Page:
Ms. WALL: I think that we kind of use that between each other in the same sort of way that a lot of people in a certain group use that between each other, where it's not necessarily acceptable for someone else to use it towards one of us. But us using it with each other is a little bit different connotation. We also...

Ms. HUELSMAN: Absolutely.

Ms. WALL: This is, you know, this is language that's been taken from gameday, you know, from we have our game faces on. And you know, I was one of the people that kind of shied away from having the microphone on me while I played because I knew that it wasn't going to be something that I wanted my parents to listen to. So you know, a lot of us are, you know, have, you know, respectable jobs and don't talk like that, you know, in our normal daily life. But when you're out on the track and you're kind of in the moment, I think that...

MARTIN: I think it's also important to note that you smoked the other team.

Ms. WALL: Right. We are undefeated.

Ms. HUELSMAN: We are having a wonderful season.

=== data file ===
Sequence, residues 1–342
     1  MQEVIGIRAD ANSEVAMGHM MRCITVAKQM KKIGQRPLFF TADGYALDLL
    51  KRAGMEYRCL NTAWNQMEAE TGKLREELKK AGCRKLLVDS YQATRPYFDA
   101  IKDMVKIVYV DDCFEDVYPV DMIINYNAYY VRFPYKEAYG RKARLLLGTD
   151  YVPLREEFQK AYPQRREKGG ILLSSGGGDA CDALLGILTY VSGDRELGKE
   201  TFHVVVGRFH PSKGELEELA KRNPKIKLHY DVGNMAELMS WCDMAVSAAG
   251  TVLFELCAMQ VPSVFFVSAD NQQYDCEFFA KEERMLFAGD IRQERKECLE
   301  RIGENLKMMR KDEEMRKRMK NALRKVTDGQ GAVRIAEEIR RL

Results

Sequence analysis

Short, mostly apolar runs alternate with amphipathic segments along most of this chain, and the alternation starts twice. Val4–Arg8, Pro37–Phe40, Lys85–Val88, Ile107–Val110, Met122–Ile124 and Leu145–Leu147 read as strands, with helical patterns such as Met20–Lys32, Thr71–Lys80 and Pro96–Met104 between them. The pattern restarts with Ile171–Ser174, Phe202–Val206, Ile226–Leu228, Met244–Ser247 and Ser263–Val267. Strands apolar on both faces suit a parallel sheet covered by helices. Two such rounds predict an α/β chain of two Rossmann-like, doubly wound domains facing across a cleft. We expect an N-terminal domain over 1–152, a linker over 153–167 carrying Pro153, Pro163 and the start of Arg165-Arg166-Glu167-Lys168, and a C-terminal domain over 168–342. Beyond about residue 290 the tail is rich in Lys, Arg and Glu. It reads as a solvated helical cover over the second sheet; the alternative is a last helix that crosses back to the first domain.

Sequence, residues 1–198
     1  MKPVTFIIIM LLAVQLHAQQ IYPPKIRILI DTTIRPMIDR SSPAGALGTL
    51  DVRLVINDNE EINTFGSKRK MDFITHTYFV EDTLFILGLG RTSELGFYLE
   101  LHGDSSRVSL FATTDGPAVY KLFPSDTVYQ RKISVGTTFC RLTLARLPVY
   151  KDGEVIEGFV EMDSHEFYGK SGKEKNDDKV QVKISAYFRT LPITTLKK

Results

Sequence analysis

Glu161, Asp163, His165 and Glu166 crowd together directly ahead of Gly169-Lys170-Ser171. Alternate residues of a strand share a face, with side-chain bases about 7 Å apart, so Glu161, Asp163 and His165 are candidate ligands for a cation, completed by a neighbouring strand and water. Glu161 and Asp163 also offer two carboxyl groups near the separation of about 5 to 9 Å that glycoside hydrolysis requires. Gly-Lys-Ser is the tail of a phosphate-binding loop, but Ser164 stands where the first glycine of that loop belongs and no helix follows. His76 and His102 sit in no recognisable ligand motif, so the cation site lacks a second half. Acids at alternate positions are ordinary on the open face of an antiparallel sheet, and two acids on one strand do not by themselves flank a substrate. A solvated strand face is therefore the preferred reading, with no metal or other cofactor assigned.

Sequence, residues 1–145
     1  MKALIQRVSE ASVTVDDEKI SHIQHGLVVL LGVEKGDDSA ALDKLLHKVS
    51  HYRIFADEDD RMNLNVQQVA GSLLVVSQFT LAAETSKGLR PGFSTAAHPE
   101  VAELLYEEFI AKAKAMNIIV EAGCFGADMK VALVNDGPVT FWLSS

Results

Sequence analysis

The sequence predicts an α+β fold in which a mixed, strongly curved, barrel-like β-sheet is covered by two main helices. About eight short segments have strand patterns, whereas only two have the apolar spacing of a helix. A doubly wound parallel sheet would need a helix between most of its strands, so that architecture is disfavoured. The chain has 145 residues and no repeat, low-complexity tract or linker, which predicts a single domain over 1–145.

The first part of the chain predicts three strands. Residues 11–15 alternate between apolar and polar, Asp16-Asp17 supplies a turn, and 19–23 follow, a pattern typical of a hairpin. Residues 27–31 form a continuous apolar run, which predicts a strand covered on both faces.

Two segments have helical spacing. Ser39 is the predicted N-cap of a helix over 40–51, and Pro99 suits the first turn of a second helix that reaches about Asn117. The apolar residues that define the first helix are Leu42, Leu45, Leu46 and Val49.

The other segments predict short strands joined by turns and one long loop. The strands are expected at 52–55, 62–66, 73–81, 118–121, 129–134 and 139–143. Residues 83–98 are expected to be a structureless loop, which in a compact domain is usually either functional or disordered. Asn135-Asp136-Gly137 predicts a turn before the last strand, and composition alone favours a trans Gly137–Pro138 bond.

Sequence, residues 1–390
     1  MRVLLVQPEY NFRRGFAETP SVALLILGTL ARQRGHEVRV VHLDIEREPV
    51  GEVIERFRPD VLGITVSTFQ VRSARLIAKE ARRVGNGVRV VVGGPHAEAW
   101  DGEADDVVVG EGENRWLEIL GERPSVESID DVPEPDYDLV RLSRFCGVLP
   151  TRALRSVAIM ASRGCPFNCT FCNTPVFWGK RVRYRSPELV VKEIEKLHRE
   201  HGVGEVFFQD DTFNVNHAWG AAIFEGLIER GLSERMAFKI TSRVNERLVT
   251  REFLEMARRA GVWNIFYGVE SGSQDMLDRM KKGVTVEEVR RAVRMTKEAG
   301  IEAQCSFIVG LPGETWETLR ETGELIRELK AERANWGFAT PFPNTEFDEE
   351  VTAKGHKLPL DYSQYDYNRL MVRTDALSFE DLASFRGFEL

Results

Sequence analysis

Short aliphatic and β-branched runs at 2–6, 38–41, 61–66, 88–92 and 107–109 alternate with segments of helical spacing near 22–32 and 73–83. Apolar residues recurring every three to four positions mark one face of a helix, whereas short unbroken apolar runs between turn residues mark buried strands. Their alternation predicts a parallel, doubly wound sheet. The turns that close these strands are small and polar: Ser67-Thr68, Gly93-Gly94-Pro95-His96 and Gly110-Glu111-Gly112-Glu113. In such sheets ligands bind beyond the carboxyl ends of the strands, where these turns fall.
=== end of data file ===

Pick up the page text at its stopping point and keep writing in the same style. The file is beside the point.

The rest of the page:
Ms. WALL: Yes.

Ms. HUELSMAN: We are undefeated going into our championships on October 20th.

MARTIN: All right. Well, good luck to you. Angela Wall, Condoleeza Slice, is captain of the Scare Force One D.C. Rollergirls team. She was kind enough to join us here in the studio. We were also joined by Rachele Huelsman, she's a skater in Boston, and she joined us from Boston, Massachusetts; Harley Quinn. Thank you both so much for speaking with us.

Ms. WALL: Thank you.

Ms. HUELSMAN: Thank you.

MARTIN: And good luck. Not that you need it. I'm scared of you.

If you want to read the article about Scare Force One in its entirety, you can find a link to it on our Web site. It's in this week's Washington Post Sunday magazine in a piece called "Fight Club." It's by writer Lauren Wilcox.

Copyright © 2007 NPR. All rights reserved. No quotes from the materials contained herein may be used in any media without attribution to NPR. This transcript is provided for personal, noncommercial use only, pursuant to our Terms of Use. Any other use requires NPR's prior permission. Visit our permissions page for further information.

NPR transcripts are created on a rush deadline by a contractor for NPR, and accuracy and availability may vary. This text may not be in its final form and may be updated or revised in the future. Please be aware that the authoritative record of NPR's programming is the audio.

Web Resources

Comments

 

Please keep your community civil. All comments must follow the NPR.org Community rules and terms of use, and will be moderated prior to posting. NPR reserves the right to use the comments we receive, in whole or in part, and to use the commenter's name and location, in any medium. See also the Terms of Use, Privacy Policy and Community FAQ.